jPod – Douglas Coupland

I used to avoid anyone who’d read Generation X. I still haven’t ready it myself. Microserfs was an amusing and insightful short story bloated into a pointless schmaltzfest.

But BoingBoing plugged jPod so I bought a copy. And it’s very good.

jPod is uncomfortable and hilarious reading. Most critics seem to have missed the point of it. They complain about the intrusion of pointless lists, 418 spam, and pages of sparse typography into the text. They complain about the ironies all the way down. They complain about the pointlessness and coldness of the characters existences and the blankness of the characters themselves. And about their amoral world.

They complain, in other words, about the accurate portrayal of geek culture after the gold rush and its genuine ironies and insanities. This is something that needs demistifying not romanticising, a jPod not a Microserfs. It’s telling that many prefer the warmer, fuzzier, happy-ending-land of Microserfs. Shooting the messenger is a mistake, particularly when he’s a character in the book himself. Better to listen to what he’s saying, because it has needed saying for far too long now.

Copyleft Concepts

Reification

Reification is the mistake of concentrating on licences as an end in themselves. A licence is only useful as a practical means to the ideological ends of free culture. To forget this and to concentrate on licences as a subject fetishises the concretised form of an abstract set of relations, which is reification. Free culture’s unquestioning and contextless adoption of free software’s strategy of licensing is also reification.

Reflexivity

The freedom that copyleft creates is reflexive, it is cultural freedom directed only to cultural freedom. From the point of view of general social ends this is a degenerate form of freedom, in the mathematical rather than the moral sense. A guild would use access to knowledge to maximise wealth. A union would use access to knowledge to reduce poverty. Copyleft uses access to knowledge to maximise access to knowledge. Or the threat of withdrawal of labour (code) to protect labour’s ability to work. Community projects are reflexive as they exist only to ensure that they continue to make the work they host available to the community. This is an optimal state of social relations among cultural peers, and does not prevent those peers making use of cultural value for their own pluralistic ends. Since reflexivity collects value from pluralism, it will generate more value for all its subjects than instrumentalism can, since instrumentalism neccessarily excludes some subjects.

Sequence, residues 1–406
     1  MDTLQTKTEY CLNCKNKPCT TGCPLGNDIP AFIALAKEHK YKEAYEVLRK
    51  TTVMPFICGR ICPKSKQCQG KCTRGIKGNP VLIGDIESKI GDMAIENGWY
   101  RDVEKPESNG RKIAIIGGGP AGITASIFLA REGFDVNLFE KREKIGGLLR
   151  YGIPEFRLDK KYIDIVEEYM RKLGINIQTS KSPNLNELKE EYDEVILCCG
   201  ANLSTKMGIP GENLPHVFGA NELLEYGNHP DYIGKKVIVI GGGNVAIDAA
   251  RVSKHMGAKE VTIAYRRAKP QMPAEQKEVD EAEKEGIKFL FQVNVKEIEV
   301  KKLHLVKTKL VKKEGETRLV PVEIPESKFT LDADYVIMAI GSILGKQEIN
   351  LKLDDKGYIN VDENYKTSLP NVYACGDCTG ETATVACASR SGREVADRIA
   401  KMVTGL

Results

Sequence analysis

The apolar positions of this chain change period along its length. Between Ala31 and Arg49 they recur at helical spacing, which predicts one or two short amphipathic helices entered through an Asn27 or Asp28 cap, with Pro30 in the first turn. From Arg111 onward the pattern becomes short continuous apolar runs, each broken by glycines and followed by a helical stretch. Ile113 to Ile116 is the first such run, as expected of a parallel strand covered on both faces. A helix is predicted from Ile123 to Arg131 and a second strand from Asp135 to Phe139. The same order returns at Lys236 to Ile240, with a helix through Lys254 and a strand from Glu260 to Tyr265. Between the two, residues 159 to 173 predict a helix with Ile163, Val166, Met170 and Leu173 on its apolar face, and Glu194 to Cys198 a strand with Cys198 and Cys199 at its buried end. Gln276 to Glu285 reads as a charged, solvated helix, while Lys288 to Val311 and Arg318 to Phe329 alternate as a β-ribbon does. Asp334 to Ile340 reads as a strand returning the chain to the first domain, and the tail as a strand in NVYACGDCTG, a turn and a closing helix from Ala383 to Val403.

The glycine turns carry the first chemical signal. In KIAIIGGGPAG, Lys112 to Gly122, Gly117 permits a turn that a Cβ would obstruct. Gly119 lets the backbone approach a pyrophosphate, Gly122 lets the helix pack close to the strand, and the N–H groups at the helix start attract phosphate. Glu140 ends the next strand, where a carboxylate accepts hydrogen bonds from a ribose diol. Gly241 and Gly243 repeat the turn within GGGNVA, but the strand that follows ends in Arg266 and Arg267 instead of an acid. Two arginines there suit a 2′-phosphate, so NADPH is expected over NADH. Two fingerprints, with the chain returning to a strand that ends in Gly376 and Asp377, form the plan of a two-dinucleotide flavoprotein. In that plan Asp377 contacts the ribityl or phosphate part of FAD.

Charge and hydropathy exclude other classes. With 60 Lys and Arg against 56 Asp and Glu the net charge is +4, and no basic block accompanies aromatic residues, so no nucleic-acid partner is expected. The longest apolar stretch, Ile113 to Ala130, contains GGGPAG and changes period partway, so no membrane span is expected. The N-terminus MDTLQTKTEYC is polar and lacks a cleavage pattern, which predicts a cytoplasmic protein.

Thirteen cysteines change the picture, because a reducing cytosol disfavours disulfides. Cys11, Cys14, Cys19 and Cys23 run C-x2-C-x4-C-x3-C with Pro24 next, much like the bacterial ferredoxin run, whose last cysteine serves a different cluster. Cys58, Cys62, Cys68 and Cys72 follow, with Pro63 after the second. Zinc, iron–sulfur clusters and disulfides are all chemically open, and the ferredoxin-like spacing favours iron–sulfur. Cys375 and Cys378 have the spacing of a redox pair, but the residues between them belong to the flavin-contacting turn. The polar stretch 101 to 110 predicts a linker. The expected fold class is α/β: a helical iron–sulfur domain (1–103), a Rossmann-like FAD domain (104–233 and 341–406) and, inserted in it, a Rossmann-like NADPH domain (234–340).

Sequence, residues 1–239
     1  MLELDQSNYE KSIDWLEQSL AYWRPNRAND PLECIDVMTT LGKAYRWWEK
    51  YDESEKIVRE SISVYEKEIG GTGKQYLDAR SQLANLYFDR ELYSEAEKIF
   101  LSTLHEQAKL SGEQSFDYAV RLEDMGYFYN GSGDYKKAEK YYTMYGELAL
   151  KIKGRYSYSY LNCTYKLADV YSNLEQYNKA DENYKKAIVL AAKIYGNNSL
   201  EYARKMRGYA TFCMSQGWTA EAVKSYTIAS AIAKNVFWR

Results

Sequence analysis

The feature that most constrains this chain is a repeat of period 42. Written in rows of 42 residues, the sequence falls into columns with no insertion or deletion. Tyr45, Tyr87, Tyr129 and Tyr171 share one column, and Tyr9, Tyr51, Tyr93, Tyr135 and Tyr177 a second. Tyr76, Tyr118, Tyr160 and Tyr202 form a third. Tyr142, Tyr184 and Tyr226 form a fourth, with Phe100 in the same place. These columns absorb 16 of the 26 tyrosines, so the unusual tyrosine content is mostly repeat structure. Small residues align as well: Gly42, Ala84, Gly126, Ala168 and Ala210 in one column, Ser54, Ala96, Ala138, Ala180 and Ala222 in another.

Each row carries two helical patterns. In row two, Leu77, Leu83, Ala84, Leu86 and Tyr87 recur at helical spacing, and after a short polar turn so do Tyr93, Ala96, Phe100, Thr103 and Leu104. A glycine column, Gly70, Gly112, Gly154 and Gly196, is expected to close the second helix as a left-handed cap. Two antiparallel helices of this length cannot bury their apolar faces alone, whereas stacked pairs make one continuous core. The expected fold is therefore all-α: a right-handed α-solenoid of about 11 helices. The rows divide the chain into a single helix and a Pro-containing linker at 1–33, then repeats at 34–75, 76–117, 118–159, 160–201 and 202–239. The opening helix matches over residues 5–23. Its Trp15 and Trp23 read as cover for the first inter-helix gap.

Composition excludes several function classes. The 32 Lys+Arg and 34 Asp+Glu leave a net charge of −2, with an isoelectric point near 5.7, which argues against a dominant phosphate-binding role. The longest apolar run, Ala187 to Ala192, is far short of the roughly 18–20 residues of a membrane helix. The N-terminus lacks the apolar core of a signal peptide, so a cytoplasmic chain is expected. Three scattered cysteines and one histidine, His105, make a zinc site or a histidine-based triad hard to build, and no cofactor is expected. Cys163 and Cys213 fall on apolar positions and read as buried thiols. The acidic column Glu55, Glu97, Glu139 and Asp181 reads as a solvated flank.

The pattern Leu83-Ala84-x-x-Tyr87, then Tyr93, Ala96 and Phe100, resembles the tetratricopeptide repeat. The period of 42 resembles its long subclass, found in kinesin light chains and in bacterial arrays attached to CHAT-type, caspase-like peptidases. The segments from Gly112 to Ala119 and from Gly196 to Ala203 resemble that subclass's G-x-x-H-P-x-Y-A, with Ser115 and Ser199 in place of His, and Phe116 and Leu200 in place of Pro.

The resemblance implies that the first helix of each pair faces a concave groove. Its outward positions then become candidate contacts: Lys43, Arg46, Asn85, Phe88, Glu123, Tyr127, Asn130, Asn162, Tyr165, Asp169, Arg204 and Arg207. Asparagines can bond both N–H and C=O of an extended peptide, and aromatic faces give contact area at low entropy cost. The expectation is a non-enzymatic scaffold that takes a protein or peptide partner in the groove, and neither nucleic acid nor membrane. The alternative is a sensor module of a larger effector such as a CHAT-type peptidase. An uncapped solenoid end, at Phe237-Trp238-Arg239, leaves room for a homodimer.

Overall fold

Instrumentality

The opposite of reflexivity; trying to use the value created by copyleft for a specific end, usually social or economic. Anyone trying to make an “ethical licence”, a “commerce-friendly” licence or a “better world” licence is trying to make copyleft instrumental. Projects that seek to promote a brand or to create work that can be used for the project host’s enrichment are instrumental, particularly if they give the host more rights over work than contributors. Attempting to instrumentalise the creation of cultural value will create less value than reflexivity because it will exclude some possible contributors. This will affect the intended end as much as any other end which means that instrumentalism is therefore self-defeating. It is also anti-pluralistic, coercive, and therefore immoral.

Irony

Copyleft reverses the monopoly effects of copyright. It reverses the restrictive effects of a common copyright tool, the exclusive licence. It reverses the meaning of a form without changing the form. Copyleft is therefore an ironisation of copyright law, a ironisation of legal form.

Value

Copyleft may dissipate local value but aggregate global value. You can extract value from copylefted material, it does create a surplus. You just cannot prevent anyone else extracting value as well.

End Game

Copyleft is an end-game strategy (at least it was in software). It trades the ability to maximise extraction of wealth for the ability to minimise exclusion from wealth. This will create fewer millionaires but will create more multimillion-dollar industries. It will also protect workers’ access to their work. It’s less tragic to not make your fortune than to not be able to work.

Pluralism

Copyleft enables pluralism, supporting opportunity equally. A pluralistic approach to copyright does not, it fragments opportunity, creating value ghettos. Copyleft is freedom for everyone, freedom of choice within a system that protects that choice, rather than freedom for some individuals to choose amongst systems of exclusion.

Ends

The reflexivity and pluralism of copyleft allow everyone to use the value of copylefted work to pursue their own ends. Attempting to yoke copyleft to a given social agenda will reduce the number of ends that work can serve, and will reduce the amount of work made available as a result of pursuing those ends to use under copyleft to everyone, including those seeking to yoke copyleft to their own agenda.